Content Management Systems Bravado in Truckee

What’s in a CMS? How long does it take to write one? Neither question yields much insight for a less than web savvy business when it is time to choose a new webmaster. The question can take on new meaning if your business also wants to make changes and otherwise add new content to your website.

I often field requests for the capability to modify a website. 15 years ago all I really had was a text editor (emacs), an apache server with ssh/ftp support, and a copy of good ol’ Paintshop Pro! Designing a website was a real sink hole of hours and hours. Soon though, we had tools like FrontPage and Dreamweaver.

FrontPage rather than Dreamweaver got the early nod, due to the extensibility of FrontPage. Even today, setting up a menu system in Dreamweaver is best left to JavaScript.

As time passed, web coding standards congealed and not around Microsoft’s proprietary standards. Dreamweaver also became more robust with the addition of WEBDAV support for publishing and finally, the ability to handle websites with hundreds of pages without crashing. But you still need more than a bit of web savvy to use Dreamweaver or any other professional web design tool or platform.

To address the needs of a small business who wants to easily edit and maintain their website, a whole raft of Content Management Systems, or CMS, are available. And of course, they all have funny names like WordPress (not to be confused with the WordPress blog!), Joomla!, and Drupal; the current market share leaders.

The following report from Water and Stone gives a great overview of the current market conditions for CMS.

CMS 2010 Market Conditions

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Got a favorite? No problem. Gossamer offers support for the current big three in web based CMS.

Small Pond Studio enters the market?

With so many CMS to choose from I was more than a bit surprised to hear that a print shop in Truckee is advertising that they too, had entered the CMS market. From their website:

“Truckee-based marketing and graphic design firm SmallPond Studio designed and developed the content management system Website.”

“We design, build, and develop these systems (CMS) for a reasonable price and offer training to clients so they can manage their own websites.”

“SmallPond Studio has developed two content management systems for San Luis Obispo commercial real estate broker Rossetti Company”

“Truckee marketing and graphic design firm SmallPond Studio designed and developed the content management system Web site. SmallPond’s content management system is designed to be flexible and affordable…”

“Updating your website with SmallPond’s content management system is easy as 1, 2, 3.”

It didn’t take much digging to find out their show case website is in fact based on a Drupal CMS, an OpenSource offering subject to the Creative Commons License, Attribution-ShareAlike2.0 and the GNU General Public License.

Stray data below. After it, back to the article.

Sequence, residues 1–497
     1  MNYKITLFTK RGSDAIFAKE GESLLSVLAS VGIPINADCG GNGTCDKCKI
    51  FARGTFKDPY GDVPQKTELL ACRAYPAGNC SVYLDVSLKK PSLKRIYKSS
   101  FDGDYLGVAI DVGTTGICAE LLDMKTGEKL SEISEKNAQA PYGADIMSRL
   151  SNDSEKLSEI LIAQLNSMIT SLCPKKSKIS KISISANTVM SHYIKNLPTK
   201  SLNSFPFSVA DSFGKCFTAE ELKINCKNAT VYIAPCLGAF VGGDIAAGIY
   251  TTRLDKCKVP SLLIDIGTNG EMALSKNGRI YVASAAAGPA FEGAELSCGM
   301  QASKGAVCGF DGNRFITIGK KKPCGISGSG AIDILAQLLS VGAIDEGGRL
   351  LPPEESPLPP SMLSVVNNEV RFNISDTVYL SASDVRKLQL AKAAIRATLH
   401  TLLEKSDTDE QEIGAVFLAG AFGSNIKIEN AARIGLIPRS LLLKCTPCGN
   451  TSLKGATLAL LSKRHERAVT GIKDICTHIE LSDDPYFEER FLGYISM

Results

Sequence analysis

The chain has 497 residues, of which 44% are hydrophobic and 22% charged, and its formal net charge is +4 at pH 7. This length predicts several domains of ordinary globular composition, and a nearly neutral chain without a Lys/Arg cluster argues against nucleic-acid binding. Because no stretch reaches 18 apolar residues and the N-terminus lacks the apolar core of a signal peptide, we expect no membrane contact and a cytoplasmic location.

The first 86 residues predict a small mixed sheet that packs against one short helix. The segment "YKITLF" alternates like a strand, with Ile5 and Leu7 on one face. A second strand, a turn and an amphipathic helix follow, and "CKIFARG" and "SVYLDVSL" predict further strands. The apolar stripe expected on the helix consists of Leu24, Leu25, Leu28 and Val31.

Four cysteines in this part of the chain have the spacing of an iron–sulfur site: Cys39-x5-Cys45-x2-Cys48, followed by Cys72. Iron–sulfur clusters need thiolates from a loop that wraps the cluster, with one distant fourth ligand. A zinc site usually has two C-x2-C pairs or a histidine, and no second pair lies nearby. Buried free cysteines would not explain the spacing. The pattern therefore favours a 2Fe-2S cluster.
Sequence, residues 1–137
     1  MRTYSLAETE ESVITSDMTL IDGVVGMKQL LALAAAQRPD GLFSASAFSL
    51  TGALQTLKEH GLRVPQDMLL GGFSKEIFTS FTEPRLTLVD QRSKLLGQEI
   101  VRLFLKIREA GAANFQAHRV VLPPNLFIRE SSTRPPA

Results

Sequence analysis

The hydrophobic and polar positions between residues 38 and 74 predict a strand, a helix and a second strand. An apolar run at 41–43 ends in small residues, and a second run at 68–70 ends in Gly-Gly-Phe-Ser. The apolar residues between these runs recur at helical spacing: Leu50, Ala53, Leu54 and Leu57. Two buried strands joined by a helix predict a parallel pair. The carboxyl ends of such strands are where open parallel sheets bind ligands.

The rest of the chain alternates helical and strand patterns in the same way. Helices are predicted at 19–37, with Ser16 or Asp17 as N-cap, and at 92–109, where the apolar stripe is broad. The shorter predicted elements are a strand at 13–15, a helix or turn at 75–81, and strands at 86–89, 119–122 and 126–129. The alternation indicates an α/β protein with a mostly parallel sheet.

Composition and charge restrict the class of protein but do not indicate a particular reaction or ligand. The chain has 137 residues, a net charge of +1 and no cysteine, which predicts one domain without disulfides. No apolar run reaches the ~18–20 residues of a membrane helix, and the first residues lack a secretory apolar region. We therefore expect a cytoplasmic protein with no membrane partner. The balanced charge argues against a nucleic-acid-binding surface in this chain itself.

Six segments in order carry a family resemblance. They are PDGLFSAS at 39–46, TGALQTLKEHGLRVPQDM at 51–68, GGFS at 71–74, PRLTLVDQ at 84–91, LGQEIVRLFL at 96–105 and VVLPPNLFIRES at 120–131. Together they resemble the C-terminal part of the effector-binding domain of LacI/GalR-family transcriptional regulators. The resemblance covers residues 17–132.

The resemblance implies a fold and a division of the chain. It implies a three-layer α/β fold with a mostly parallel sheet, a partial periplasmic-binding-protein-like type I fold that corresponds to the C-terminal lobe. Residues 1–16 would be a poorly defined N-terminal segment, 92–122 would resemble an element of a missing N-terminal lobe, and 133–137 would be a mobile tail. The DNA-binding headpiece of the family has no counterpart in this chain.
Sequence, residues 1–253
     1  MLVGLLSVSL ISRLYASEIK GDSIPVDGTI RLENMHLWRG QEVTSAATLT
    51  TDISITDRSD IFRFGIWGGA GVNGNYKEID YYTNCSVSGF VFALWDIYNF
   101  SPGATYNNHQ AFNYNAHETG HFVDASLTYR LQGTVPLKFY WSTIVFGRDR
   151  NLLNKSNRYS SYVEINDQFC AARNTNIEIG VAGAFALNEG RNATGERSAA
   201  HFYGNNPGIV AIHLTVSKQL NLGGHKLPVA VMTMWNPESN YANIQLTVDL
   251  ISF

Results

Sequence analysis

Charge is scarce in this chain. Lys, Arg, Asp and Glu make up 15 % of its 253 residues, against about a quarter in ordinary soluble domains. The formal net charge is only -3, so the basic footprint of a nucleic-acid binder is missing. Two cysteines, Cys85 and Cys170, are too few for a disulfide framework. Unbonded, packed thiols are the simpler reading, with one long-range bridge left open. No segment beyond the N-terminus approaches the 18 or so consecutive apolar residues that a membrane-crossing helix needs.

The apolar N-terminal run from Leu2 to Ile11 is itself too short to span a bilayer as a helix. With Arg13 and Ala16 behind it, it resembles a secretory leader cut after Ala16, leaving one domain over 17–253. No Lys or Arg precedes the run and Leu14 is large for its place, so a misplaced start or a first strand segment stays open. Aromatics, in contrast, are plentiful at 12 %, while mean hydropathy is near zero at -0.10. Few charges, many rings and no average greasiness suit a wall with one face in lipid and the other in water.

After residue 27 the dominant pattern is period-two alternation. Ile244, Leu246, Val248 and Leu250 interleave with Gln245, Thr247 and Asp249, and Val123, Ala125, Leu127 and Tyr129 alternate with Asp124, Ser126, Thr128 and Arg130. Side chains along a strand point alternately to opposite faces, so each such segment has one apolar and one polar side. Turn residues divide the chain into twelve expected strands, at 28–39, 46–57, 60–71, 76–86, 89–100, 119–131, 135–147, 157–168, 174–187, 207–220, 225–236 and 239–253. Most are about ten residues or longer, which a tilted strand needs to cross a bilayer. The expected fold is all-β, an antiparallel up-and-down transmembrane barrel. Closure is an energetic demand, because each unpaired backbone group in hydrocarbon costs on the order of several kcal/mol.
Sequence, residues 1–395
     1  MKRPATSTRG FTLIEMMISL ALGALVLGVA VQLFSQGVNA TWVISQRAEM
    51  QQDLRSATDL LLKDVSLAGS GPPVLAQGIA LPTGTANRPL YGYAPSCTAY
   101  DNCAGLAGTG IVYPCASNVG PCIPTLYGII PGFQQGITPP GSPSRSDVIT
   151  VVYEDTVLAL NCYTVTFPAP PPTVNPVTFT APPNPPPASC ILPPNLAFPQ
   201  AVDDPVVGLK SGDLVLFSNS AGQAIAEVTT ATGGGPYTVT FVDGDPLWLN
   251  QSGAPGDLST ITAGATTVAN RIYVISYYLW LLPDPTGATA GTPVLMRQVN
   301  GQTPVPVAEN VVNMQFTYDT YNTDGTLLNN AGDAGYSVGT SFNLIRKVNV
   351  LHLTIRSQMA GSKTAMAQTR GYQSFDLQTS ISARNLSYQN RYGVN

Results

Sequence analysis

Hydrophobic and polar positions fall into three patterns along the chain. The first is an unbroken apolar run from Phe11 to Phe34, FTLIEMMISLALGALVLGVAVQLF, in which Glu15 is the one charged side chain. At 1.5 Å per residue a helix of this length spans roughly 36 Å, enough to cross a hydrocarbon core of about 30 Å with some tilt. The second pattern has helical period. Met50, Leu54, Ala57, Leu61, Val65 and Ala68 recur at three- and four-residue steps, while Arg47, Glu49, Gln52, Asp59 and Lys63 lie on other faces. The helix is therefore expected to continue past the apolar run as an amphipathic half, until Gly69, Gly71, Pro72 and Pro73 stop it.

This should concern your business on two fronts.

Is it legal?
Is it fit for use?

I use OpenSource stuff and it works great. The professionals that work on these projects know what they are doing and do their best to make their stuff bullet proof. I am proud to tell you so; and, … it is part of the Licensing Agreement.

Truth is, that on most large scale commercial web hosting platforms, installing one of these CMS is just a mouse click away on the provided web based desktop. There is very little customization available beyond what is found in the web based desktop interface.

The downside of such ease of use is that these servers are usually configured with out of date PHP releases and are subject to a number of security bulletins. Keeping the PHP platform up to date is key.

There is a good reason for this lack of control. These systems are design to make life simple for a beginner, which means some functionality of the system is on a shelf just a bit out of your reach. To actually modify any of these platforms for production release requires a PHP programmer familiar with a multitude of issues in an evolving security environment.

The top CMS offerings are so robust, that they usually only need a little help to ensure W3C coding conformance. A good example is the Google Doc Embedder used in this post. The standard release code for this plugin fails to properly encode ‘&’ in its URLs.

To be fair, I’ve also seen this claim from other print shops in Reno and elsewhere. They all claim to have developed a CMS that is easier to use than, I guess, the professional competition. And they deploy their systems on servers void of the latest PHP releases. A security nightmare.

Bottom line: Do you really want to trust access to your website to a print and marketing company?

I think not.

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